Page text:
Shakespeare our contemporary.

To mark the 400th anniversary of the Bard’s death, our contributors nominate the plays by William Shakespeare that speak most urgently to the 21st century. Rowan Williams considers Henry V in the light of dodgy dossiers and regime change:

This is a play about what the moral sanctions are in the politics of an incipiently secularised world; what authority does state power have when it is stripped of its magic? Typically, Shakespeare does not offer a solution, but broadens out our sense of why there is a question here. It’s left to other plays – Lear, above all – to nudge us towards an answer in the visible, costly solidarity of powerful and powerless: no less a theologically charged theme for Shakespeare.

In Henry V, a play whose language is a shot-silk blend of the triumphalistic and the bleak, he presents us with an analysis of why we should worry about the ethical sanctions of power; why majoritarian tyranny, absolute monarchy or the comforting rhetoric of national paranoia will fail to silence the questions of a soldier on the eve of battle, a civilian facing slaughter in a captured city or a prisoner of war whose rights are overridden.

Will Self suggests that King Lear bears a timely warning from the blasted heath about intergenerational justice:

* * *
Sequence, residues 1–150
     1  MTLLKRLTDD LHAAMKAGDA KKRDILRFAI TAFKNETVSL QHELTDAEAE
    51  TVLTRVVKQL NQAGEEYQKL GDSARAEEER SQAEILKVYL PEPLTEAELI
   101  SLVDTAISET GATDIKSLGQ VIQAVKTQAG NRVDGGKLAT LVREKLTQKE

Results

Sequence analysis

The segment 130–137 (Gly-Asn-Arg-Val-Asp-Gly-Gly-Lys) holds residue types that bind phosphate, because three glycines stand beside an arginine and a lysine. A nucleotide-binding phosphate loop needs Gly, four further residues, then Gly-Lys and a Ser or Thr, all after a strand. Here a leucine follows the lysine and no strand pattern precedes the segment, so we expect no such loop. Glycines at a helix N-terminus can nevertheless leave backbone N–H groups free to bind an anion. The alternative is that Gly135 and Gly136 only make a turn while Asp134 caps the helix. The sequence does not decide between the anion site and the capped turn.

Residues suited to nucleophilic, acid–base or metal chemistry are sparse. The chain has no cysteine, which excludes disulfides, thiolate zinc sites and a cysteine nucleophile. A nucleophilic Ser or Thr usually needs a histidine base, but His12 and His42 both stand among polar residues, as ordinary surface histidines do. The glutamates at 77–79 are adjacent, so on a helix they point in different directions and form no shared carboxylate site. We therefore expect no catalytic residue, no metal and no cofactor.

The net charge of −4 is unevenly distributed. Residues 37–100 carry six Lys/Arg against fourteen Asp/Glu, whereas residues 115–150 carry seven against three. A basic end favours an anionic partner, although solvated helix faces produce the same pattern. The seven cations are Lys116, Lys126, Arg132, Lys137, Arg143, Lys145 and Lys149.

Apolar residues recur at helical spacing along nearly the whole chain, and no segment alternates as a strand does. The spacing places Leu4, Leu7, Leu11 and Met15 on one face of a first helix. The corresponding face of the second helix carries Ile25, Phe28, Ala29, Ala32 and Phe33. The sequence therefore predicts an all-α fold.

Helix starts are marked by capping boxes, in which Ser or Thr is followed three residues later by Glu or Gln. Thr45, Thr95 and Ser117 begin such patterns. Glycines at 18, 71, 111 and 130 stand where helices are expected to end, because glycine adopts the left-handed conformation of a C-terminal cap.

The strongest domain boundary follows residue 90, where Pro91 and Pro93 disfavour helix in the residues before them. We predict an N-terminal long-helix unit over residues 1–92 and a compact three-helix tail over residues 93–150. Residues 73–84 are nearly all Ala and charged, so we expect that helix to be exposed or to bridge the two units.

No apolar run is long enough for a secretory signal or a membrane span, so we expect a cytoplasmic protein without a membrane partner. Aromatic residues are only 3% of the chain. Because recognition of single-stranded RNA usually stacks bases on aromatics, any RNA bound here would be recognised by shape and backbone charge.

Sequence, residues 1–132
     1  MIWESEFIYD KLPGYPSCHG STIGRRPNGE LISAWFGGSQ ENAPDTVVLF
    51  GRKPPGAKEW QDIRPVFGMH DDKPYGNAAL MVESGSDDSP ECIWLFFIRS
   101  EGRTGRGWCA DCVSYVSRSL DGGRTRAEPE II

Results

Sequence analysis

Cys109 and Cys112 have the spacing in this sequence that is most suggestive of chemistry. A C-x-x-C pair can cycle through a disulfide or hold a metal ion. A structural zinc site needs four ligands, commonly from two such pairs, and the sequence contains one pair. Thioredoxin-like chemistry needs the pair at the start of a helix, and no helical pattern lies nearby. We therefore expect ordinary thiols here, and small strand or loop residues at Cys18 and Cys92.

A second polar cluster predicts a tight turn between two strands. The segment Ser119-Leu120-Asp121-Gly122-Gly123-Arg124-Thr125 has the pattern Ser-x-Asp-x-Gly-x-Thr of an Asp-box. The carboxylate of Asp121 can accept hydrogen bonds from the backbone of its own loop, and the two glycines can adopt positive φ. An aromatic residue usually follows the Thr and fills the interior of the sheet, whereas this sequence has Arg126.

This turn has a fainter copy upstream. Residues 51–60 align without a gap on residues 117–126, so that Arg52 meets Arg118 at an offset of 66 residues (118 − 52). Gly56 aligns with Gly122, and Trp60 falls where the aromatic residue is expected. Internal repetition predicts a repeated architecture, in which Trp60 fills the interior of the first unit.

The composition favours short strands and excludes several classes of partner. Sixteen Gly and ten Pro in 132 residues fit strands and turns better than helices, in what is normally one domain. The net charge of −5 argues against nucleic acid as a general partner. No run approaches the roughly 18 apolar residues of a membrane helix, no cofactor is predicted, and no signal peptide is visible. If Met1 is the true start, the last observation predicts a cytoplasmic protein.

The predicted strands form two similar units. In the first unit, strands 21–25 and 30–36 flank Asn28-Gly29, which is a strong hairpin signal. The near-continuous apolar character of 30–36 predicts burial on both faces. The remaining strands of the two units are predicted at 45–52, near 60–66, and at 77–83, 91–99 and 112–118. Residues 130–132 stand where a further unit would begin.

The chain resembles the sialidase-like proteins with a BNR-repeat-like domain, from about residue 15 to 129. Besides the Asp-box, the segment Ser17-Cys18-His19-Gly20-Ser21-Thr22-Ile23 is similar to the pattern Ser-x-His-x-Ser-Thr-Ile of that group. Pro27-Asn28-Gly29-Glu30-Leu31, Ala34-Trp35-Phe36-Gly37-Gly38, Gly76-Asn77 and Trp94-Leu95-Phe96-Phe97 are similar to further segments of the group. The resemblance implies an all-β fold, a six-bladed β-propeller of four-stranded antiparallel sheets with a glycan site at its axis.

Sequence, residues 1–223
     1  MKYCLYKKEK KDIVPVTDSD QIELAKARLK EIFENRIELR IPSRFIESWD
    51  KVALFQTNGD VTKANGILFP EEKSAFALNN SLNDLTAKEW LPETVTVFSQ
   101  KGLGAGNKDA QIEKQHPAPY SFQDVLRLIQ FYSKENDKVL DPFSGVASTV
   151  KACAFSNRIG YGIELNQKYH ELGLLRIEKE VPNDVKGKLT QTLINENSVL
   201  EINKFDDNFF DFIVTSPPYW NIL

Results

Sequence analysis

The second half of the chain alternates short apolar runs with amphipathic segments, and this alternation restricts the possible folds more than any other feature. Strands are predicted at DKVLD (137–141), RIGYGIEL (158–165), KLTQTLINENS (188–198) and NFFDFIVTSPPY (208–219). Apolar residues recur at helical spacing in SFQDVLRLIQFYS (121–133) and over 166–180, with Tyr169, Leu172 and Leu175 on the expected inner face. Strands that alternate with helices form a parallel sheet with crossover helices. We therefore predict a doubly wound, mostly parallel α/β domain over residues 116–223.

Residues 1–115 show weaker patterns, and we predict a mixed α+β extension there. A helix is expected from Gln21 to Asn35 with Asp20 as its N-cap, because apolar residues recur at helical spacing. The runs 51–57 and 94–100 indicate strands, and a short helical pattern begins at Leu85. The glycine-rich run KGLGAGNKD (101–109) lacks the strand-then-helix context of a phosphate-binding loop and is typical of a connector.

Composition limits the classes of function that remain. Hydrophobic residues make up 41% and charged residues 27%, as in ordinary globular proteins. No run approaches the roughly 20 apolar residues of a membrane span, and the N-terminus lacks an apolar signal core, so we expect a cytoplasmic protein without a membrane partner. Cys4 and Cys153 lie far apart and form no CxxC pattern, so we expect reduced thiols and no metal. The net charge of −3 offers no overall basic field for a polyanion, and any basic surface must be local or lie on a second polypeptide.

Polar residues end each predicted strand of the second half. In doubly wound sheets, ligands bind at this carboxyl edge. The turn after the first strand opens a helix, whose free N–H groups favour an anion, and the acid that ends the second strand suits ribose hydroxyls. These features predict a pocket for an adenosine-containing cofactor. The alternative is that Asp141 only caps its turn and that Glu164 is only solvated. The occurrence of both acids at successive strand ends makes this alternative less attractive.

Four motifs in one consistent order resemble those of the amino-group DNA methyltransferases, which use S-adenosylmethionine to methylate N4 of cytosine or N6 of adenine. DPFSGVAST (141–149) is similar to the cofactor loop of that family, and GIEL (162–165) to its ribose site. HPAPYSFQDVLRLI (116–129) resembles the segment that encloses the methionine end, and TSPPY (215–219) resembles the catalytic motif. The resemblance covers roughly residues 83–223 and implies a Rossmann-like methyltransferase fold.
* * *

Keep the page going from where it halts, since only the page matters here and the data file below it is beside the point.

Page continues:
It may be a reflection of my own time of life that I find Shakespeare’s King Lear the most resonant of his plays – but I also think it’s peculiarly relevant to the contemporary era; and more specifically to a small – but politically powerful – section of contemporary Britons: the middle-aged, property-owning middle class. For my own part, I may only be in my mid-fifties, but as with so many people at my time of life, health issues have already placed me vis-à-vis with the grinning skull beneath my own slackening skin.

The most savage social and economic declivity in contemporary Britain lies between the young and the old – the ageing cling to a Lear-like conception of ourselves: we believe we should be revered by and cared for by our children; yet our behaviour utterly belies this: we hang on to our property out of fear – fear that should we abandon it we’ll be dumped unceremoniously when the time comes, in a local-authority-funded care home, where we will be poorly attended to by knaves, fools and impersonators.

Imogen Stubbs applies Prospero’s “Our revels now are ended” speech from Act IV, Scene One of The Tempest to a “21st-century world of virtual reality, data, microchips, holograms, DNA, genetic engineering, plastic surgery and all-year-round strawberries”:

It’s a world that denies history if it is uncomfortable, and the future if it is distressing, and treats death, wisdom and ageing, and indeed narrative, like wrongs to be hushed up. The purpose is to endorse hedonism and materialism – to protect our “revels” from any unnecessary worry that the end is in sight.